In the laser induced CNV mouse model FR-Sema3C inhibited CNV as effectively as aflibercept at a concentration that was 50 fold lower than the effective aflibercept concentration [60]. Importantly, FR-sema3C did not compromise retinal structure as assessed by histological and immunochemical examination nor did it affect retinal function as assessed by functional OKR and ERG tests. However, it is possible that the histological and functional assays we performed may not be able to detect subtle defects resulting from treatment with FR-sema3C, and in addition it is likely that the human responses to FR-sema3C may differ from the responses of mice.

The mechanism of action of FR-sema3C differs from that of the current mainstay, VEGF-A targeting drugs, as it seem to function by activation of signal transduction involving neuropilins and plexin-D1 [23,30]. Sema3C receptors are expressed in AMD [22,57,61] and there is evidence suggesting that plexin-D1 and neuropilin1 are up-regulated during CNV [22,62]. Thus, FR-sema3C may perhaps be of benefit for those patients that do not respond well to current treatments with VEGF inhibitors. In mice FR-sema3C seems safe as it did not compromise retinal function. Use of AMD models in larger animals will be required in order to obtain more information on the advantages and disadvantages of FR-Sema3C as a candidate drug for the treatment of AMD. However, the lack of an optimal animal model that recapitulates the slow events that eventually lead to the development of the exudative form of AMD in humans seems to suggest that such questions may not be resolved without clinical trials.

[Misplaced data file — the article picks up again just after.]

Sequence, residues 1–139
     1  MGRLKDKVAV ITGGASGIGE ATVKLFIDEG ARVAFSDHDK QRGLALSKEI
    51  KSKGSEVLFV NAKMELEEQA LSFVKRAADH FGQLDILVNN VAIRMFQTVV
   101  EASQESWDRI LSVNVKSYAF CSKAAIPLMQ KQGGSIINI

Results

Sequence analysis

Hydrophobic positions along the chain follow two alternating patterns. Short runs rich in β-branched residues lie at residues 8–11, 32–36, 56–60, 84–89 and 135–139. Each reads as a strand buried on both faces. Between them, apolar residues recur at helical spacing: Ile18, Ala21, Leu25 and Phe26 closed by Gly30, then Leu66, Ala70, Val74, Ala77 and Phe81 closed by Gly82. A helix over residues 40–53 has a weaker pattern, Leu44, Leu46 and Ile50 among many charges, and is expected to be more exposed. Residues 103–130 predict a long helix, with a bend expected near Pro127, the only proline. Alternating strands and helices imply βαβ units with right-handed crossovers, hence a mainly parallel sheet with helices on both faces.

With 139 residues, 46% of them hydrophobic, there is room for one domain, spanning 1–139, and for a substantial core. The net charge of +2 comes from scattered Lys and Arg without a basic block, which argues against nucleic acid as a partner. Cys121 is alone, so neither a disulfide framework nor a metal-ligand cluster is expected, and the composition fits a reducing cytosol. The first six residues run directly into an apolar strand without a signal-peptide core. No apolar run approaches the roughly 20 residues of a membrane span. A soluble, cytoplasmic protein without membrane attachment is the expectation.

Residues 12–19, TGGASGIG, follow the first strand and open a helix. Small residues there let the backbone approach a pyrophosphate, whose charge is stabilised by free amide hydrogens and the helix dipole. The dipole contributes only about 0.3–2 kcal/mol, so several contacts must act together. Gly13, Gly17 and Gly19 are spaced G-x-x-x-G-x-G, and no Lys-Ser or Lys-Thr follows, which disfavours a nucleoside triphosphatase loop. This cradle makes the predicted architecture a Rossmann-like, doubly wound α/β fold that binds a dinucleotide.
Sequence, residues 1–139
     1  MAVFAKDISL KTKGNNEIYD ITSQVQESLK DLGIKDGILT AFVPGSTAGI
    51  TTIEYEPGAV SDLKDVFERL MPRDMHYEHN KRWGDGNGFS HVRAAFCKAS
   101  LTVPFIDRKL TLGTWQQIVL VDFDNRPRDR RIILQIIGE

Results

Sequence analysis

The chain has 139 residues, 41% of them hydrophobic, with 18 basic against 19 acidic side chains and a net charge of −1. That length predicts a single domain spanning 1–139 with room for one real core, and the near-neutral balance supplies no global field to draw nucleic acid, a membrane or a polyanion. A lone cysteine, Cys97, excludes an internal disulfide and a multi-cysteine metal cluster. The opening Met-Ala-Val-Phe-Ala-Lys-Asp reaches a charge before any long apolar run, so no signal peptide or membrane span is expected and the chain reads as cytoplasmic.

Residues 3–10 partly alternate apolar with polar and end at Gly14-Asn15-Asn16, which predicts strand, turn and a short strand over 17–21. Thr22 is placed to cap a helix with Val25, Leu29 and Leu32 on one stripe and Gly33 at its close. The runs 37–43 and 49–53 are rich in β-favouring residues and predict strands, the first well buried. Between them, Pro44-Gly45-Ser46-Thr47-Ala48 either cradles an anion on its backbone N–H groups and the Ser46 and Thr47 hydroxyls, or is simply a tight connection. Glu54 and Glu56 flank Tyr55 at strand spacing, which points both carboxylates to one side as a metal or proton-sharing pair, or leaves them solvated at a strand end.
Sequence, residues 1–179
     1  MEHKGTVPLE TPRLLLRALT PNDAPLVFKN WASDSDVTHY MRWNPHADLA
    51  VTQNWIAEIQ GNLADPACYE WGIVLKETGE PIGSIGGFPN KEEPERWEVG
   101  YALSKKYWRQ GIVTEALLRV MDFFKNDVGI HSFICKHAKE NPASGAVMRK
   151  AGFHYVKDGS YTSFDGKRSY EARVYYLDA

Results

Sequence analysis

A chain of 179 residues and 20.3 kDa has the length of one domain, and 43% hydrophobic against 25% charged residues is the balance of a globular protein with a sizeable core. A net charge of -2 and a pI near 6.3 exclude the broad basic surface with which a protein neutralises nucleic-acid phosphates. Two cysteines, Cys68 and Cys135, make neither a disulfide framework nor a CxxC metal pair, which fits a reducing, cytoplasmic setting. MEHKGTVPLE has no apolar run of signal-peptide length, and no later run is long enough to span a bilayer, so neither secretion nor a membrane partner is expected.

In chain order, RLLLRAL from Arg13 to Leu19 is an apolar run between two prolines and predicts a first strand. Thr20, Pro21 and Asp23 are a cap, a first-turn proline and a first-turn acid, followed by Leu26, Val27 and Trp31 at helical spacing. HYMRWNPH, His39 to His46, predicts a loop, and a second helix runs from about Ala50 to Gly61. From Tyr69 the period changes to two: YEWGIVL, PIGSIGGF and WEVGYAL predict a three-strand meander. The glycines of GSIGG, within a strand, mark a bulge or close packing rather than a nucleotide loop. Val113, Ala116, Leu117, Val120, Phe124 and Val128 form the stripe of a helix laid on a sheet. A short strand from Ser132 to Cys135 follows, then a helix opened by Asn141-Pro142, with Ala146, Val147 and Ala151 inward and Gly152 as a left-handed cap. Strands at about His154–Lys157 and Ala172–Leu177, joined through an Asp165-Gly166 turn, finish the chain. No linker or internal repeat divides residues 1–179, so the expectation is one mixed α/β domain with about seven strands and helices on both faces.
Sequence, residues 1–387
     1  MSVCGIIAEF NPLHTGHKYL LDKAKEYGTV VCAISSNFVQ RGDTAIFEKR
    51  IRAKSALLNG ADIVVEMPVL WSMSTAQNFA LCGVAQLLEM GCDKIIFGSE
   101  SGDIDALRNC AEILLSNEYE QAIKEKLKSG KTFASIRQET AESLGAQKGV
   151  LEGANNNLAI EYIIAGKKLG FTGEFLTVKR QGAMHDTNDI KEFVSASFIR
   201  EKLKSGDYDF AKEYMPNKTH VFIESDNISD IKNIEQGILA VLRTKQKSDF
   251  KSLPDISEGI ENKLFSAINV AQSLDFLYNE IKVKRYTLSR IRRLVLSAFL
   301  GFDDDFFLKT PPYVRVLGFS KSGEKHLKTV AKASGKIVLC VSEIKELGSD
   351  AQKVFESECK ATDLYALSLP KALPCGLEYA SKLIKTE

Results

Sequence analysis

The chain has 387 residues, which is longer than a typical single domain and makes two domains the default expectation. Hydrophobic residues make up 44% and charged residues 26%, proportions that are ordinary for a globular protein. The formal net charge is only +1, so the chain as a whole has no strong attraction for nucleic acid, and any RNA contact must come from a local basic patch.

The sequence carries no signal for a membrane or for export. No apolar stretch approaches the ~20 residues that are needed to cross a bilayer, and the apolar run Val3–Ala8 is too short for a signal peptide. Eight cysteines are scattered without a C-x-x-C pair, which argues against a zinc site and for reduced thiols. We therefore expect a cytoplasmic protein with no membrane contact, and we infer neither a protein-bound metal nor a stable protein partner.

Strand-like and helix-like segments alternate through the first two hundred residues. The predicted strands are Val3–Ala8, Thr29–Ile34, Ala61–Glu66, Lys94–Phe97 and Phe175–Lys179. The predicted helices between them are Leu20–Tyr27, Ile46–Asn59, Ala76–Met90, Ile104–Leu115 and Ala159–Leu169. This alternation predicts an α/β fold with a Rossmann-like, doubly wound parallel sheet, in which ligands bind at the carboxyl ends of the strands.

Supporting Information

S1 Fig. FR-sema3C inhibits in endothelial cells VEGF induced phosphorylation of P38 MAP-Kinase, AKT and FAK125.

(A) HUVEC were stimulated or not with VEGF (30 ng/ml) in the presence of elution buffer (100 mM glycine, 24 mM Tris, pH-7.2) or FR-sema3C/Fc (2 μg/ml). After 10 min. at room temperature the cells were lysed and p38 MAPK phosphorylation on T180 and Y182 was determined using western blot analysis as described in materials and methods. Shown is a representative experiment out of three that produced similar results. Below is shown a histogram depicting the ratio between the intensity of the respective pT180/Y182-p38 MAPK bands and the total p38 MAPK bands. (B) HUVEC were stimulated as described under A. FAK125 phosphorylation was determined and quantified as described in materials and methods. Below is shown a histogram depicting the ratio between the intensity of the phosphorylated FAK125 pY397 bands and total FAK. Shown is a representative experiment out of two that produced similar results. (C) HUVEC were stimulated as described under A. AKT phosphorylation was determined and quantified as described in materials and methods. Shown is a representative experiment out of two that gave similar results. A histogram depicting the ratio between the intensity of the respective pS473-AKT bands and the total AKT bands is shown below. (D) HUVEC were stimulated or not with PDGF-BB (50 ng/ml) in the presence or absence of Aflibercept (2 μg/ml). Shown is a representative experiment out of three that gave similar results. ERK1/2 phosphorylation was determined and quantified as described in materials and methods. (E) HUVEC were stimulated or not with bFGF (5 ng/ml) in the presence or absence of Aflibercept (2 μg/ml). ERK1/2 phosphorylation was determined and quantified as described in materials and methods. Shown is a representative experiment out of two that gave similar results. Below is shown a histogram depicting the ratio between the intensity of the respective phospho-ERK1/2 bands and the total ERK1/2 bands.

https://doi.org/10.1371/journal.pone.0168122.s001

(TIFF)

S2 Fig. Comparison of the effects of sema3C, FR-sema3C and p65-Sema3C on laser photocoagulation induced CNV.